We continue our series getting to know the constituents of 2021 PAM 50 Most Influential, an annual list of those at the forefront of shaping private client wealth management in the UK and Crown Dependencies.
Today we hear from James Lawson, partner at Tribe Impact Capital.
Mr Lawson is one of the main brains behind industry disruptor Tribe Impact Capital, where the motto is “a new wealth order”.
Tribe was a PAM Awards finalist in 2020, and its business continued to grow as clients focused more on the meaning of their money. This resulted in Tribe hiring a trio of new wealth managers.
Mr Lawson works with clients and is also responsible for business development, thought leadership and operational excellence.
He helps clients to get the financial returns they need, using the values they care about, which is particularly topical given the industry’s increasing focus on ESG.
Mr Lawson has over 18 years’ experience in wealth management and entrepreneurship, having started as an associate director at UBS Wealth Management where he looked after private clients.
What team or personal achievement over the past year are you most proud of?
In the past year the team at Tribe has grown by over 50 percent. In an environment that’s never been tougher to attract, nurture and grow great talent, I’m immensely proud of the people we’ve gathered together.
And for them to have worked so hard together during a global pandemic, with restricted movement and health concerns, is really inspiring.
What do you find most rewarding about your role?
If you want to do something different, you have to have a clear and convincing purpose, vision and strategy. Then you need to do the hard work of persuading others to come along with you on the journey.
It’s incredibly rewarding to see the progress from an acorn of an idea amongst the founding team six years ago, to the bright and diverse people who have joined Tribe both as team members and as clients.
What piece of advice would you give your younger self?
Something along the lines of: If you want to go fast, go alone; if you want to go far, go together. Knowing my younger self, I’d have nodded and then ignored me.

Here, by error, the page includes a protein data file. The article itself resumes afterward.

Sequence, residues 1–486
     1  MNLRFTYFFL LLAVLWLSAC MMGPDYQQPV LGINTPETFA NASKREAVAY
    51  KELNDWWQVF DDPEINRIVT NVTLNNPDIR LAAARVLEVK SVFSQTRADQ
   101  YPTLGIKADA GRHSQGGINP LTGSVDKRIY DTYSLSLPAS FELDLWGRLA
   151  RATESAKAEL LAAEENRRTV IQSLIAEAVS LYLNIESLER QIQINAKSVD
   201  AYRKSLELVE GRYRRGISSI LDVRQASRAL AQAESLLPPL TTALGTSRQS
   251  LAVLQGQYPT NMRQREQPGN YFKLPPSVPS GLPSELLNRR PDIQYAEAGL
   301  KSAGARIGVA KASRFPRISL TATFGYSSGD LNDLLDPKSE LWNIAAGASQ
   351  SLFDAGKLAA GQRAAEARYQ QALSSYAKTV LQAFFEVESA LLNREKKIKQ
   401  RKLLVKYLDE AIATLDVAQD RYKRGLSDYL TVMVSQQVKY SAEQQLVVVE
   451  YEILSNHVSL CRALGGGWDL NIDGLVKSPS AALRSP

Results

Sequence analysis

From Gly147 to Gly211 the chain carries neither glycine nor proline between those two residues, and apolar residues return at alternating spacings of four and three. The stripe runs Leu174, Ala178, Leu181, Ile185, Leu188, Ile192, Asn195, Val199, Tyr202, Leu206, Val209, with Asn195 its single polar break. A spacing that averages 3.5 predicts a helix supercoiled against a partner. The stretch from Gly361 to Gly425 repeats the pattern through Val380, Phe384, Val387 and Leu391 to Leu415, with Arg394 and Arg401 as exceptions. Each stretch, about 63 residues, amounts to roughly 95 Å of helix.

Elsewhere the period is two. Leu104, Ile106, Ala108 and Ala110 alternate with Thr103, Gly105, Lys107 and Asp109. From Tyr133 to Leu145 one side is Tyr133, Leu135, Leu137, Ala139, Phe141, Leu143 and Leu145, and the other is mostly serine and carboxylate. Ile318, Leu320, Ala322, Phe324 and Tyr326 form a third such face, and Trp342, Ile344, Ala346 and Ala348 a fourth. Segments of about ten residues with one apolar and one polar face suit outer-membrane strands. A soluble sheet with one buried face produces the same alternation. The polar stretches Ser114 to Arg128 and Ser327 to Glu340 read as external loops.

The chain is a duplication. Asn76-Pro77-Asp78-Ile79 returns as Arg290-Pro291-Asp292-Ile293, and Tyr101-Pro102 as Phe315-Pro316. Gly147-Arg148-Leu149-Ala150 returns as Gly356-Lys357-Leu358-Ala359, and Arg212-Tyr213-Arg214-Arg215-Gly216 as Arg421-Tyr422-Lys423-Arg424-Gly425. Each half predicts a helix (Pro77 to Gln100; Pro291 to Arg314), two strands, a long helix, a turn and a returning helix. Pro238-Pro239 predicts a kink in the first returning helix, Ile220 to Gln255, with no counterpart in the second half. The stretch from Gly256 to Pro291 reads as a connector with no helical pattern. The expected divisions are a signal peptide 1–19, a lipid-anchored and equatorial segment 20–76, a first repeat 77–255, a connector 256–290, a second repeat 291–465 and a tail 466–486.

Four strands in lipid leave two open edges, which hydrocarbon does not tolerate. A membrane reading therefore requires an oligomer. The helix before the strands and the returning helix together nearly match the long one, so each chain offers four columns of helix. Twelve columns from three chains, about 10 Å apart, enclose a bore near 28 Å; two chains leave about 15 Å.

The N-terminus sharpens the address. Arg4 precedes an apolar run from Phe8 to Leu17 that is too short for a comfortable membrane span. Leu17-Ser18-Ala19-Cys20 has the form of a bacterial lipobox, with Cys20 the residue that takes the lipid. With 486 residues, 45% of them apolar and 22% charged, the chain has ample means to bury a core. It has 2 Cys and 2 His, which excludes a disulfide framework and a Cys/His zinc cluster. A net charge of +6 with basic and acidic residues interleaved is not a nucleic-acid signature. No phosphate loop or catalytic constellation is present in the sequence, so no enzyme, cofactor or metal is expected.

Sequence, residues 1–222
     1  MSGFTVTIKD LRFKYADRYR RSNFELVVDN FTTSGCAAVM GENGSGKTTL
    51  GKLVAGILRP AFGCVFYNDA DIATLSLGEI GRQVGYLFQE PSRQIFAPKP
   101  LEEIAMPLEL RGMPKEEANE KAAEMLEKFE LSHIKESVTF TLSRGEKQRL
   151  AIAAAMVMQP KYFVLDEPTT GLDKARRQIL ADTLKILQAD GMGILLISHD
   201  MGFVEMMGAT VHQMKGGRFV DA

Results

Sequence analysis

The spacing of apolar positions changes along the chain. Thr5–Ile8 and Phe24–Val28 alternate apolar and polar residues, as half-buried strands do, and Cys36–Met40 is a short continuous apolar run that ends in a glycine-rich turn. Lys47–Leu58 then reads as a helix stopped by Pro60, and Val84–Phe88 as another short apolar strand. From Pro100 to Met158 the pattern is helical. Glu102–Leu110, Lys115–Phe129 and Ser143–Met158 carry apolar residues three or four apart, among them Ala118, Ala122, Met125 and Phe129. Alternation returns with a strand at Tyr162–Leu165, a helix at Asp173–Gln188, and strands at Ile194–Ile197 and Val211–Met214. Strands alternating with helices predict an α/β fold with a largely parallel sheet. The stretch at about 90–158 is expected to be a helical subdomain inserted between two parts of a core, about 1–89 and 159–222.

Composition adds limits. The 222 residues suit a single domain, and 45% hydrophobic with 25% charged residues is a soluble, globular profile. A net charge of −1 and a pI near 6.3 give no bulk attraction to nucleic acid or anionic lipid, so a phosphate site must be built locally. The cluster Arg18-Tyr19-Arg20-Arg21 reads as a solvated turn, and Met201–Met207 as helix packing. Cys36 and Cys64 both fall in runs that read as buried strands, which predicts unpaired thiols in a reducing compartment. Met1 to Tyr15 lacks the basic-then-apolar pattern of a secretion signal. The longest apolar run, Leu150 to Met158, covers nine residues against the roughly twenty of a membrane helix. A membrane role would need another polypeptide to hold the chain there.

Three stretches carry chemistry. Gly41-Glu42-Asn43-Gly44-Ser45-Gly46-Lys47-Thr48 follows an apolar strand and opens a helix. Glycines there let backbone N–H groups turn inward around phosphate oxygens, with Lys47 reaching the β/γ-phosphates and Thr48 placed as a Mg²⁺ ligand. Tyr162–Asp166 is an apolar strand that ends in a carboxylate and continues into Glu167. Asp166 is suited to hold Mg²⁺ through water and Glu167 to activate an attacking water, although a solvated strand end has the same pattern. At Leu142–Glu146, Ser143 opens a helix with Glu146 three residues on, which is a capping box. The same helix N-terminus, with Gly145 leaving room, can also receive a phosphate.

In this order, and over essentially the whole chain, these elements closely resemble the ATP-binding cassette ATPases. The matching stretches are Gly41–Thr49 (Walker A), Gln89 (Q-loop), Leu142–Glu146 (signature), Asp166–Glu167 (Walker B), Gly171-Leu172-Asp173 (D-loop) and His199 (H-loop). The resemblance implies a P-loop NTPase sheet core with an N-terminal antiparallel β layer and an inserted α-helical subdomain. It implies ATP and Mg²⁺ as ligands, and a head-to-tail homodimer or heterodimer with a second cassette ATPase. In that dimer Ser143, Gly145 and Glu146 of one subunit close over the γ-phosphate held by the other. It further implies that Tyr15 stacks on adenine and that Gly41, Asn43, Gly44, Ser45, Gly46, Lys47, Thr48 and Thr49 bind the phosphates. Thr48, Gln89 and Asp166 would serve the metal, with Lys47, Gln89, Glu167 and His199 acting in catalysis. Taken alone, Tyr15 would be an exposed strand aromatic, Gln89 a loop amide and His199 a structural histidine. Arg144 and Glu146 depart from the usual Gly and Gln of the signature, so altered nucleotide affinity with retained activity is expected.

What most excites or interests you about the wealth management industry right now?
Taken at first glance, our sector is woefully behind others across so many disciplines. I think, as an industry, we’re playing catch-up across the spectrum: from values and communication, through technology and data, to culture and inclusiveness.
But there are pockets of activism, led by some great people wanting to make change happen. And whilst agitating for change was one of the founding principles at Tribe, I’m excited that we’re not alone on this journey.
If you couldn’t work in wealth management/private banking, what other career appeals?
I spent some time working as a photographic safari guide in Zimbabwe. My contract was extended a couple of times and they finally offered to cover the cost of my professional guide’s license, but I had to return to the UK due to a bursary commitment.
The work of a guide is much harder today due to the tragic damage that’s been inflicted on so many natural environments, but I’d be back out there before you could say Lilac-breasted Roller.
What was your student job?
I’ve had a number of casual roles, but my first proper payslip came from Salisbury’s Burger King. I ended up doing three stints there during secondary school (at £2.39 an hour it took quite a while to save up to afford my first car).
Do you have a pet? What’s (s)he like?
We’ve a few at home, though I seem to have ended up being responsible for the chickens. There’s currently an avian flu outbreak in the UK, which has meant all domestic birds across the country have had to be bio-secure and kept inside.
Ours haven’t been allowed out of their run since December. As a result, I’d describe them as generally entertaining but currently very fed-up.
Was there a particular guilty pleasure which helped you through lockdown?
I have laughed beyond tears during Tribe’s remote Friday drinks, which have included some brave fancy-dress cocktail-mixing, quizzes that put the HR department on edge, and jaw-dropping magic shows.